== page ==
The Benefits of Team Sport to Promote Social Inclusion amongst the Disadvantaged

By Justine Curatolo

By Justine Curatolo

“Sport speaks to people in a language they can understand.”

These are Nelson Mandela’s famous words spoken during his speech for World Refugee Day in 2006, describing his ambitions to help unite and rebuild post-apartheid South Africa through social inclusion.

Sport transcends boundaries and provides opportunities for all human beings regardless of race, colour, religion, age, physical ability, circumstance or economic background, to connect with each other and the world around them. Sporting programs can be one-to-one, held in a group, structured with rules and set outcomes or take on a freestyle approach.

Often, sport is used to achieve success through competition, financial gain or personal achievement; yet, perhaps the biggest benefit from sport is that it promotes social inclusion amongst the disadvantaged. The Australian Institute of Health and Welfare recently reported that participation in sports was shown to increase social inclusion as well as decrease social exclusion.

Sporting programs provide vulnerable and at risk people with a place to go to which is not only physically safe from conflict around them, but also emotionally safe. The programs can also provide a welcome relief from daily struggle. For people who have been displaced, who become disaffected or simply disengaged from their community, belonging to an ongoing sporting program or team can be a lifeline, especially during times of chaos where routine and stability are desperately needed yet hard to find.

Multicultural programs and migration

There are many benefits of using sport with multicultural groups, in particular recently arrived migrants who face disadvantage on a significant scale, to promote social inclusion within their new community.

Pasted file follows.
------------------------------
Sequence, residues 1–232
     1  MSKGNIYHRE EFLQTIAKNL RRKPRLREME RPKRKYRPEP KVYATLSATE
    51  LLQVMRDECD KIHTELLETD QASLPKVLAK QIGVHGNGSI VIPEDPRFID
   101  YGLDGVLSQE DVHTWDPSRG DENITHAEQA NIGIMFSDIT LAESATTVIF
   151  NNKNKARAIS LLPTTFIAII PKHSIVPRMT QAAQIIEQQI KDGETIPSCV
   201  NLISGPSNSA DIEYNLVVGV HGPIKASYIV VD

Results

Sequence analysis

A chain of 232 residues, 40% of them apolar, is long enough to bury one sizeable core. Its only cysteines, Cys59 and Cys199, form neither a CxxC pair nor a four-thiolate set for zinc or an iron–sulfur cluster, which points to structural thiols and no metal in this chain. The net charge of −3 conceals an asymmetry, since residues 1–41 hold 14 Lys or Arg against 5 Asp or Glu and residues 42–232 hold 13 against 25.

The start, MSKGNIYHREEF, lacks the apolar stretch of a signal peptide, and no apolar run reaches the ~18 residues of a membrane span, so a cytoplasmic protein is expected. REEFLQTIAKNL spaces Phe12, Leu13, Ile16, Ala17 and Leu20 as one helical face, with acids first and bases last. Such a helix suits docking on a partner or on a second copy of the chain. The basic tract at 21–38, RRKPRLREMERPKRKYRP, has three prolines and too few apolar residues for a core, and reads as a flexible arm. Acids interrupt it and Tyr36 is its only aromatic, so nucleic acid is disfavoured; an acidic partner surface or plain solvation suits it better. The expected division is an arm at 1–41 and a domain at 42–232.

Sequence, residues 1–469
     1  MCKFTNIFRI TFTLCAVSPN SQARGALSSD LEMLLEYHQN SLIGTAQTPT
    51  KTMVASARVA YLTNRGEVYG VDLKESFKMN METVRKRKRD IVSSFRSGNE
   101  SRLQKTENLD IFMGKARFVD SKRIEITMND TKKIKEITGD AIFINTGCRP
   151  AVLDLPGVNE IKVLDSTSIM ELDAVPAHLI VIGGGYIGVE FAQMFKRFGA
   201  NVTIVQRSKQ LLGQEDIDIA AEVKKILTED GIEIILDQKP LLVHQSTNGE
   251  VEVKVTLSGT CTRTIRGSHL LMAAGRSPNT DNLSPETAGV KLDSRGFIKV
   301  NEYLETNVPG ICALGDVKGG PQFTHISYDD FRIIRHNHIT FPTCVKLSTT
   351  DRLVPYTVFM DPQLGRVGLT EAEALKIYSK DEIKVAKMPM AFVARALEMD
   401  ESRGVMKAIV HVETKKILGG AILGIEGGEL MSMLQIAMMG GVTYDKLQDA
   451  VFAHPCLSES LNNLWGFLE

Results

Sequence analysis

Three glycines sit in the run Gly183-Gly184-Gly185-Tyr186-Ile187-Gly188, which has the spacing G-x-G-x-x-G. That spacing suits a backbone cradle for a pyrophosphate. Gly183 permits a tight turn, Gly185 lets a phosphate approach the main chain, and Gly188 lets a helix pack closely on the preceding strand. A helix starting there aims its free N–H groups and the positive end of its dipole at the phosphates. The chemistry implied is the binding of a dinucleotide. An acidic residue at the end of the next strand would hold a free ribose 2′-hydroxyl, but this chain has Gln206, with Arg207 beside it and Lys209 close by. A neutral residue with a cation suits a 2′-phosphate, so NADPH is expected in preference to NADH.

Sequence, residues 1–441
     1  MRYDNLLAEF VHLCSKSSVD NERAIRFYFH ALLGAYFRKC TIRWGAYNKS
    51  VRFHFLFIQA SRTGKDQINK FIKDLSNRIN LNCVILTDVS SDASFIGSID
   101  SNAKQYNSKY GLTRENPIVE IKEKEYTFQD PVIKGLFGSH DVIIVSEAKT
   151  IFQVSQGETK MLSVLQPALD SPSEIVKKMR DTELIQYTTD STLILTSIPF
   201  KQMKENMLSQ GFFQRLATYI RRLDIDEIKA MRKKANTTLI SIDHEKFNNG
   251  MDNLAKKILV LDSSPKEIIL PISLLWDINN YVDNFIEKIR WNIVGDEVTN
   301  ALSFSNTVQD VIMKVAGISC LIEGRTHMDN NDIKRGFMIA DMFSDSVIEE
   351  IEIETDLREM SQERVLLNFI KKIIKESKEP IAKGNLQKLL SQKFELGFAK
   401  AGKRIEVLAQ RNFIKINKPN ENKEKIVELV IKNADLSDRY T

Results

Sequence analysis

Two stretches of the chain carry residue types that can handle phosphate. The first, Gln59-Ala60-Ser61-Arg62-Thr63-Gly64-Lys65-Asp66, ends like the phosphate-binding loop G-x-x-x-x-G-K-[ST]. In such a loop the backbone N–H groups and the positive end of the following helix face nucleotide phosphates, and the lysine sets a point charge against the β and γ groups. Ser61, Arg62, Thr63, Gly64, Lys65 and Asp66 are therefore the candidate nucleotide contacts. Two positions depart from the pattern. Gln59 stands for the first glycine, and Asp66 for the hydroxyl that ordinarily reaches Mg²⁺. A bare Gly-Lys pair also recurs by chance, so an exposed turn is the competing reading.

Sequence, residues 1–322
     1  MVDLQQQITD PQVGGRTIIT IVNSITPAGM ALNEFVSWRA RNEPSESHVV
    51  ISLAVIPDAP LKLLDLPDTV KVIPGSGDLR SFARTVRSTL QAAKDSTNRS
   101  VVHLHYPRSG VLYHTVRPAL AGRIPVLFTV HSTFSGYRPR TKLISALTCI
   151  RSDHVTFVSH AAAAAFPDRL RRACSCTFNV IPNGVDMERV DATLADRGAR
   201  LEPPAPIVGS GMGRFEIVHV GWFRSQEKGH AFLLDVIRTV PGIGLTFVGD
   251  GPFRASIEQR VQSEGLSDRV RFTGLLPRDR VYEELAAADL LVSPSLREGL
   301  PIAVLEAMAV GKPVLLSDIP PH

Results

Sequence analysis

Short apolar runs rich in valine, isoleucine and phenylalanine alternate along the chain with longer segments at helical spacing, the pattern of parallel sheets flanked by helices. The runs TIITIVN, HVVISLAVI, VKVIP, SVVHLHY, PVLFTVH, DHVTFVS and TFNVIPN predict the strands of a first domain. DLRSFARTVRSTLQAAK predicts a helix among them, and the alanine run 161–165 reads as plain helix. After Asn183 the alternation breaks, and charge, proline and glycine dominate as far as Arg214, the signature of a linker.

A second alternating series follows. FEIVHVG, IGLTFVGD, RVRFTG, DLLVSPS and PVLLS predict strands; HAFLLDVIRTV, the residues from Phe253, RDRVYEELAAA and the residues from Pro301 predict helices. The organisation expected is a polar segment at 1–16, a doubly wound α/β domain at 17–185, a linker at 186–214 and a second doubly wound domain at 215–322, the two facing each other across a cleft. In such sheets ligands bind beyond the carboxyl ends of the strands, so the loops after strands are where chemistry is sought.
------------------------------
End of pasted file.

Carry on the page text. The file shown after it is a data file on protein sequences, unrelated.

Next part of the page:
Structured sporting programs allow for participants to experience consistency, as well as to build trusting relationships with the support workers. Team sport creates a landscape for participants and support workers to explore specific topics or areas of concern within clearly defined boundaries. For example, sport and recreation:

“can be used to explore real life issues and challenges, particularly as they relate to the dislocation and tensions inherent in the settlement process. Often viewed as a microcosm of life, the sporting field provides an environment whereby actions and consequences can be explored.”

Structured sporting programs can bring together people from different language groups and backgrounds by using activities with a common goal. These instructions can be demonstrated to participants using actions and hand gestures, with a limited reliance on vocabulary, and, as a result, allow for greater participation for otherwise isolated or disengaged recently arrived groups of people.

Not only does sport provide direct benefits to the participants, but the group members themselves also provide opportunities for social inclusion, friendship and connection to others. As the Centre for Multicultural Youth has pointed out, “Sport and recreation represents a practical and accessible entry point for addressing the needs of young people from refugee and migrant backgrounds and providing links between and within communities.”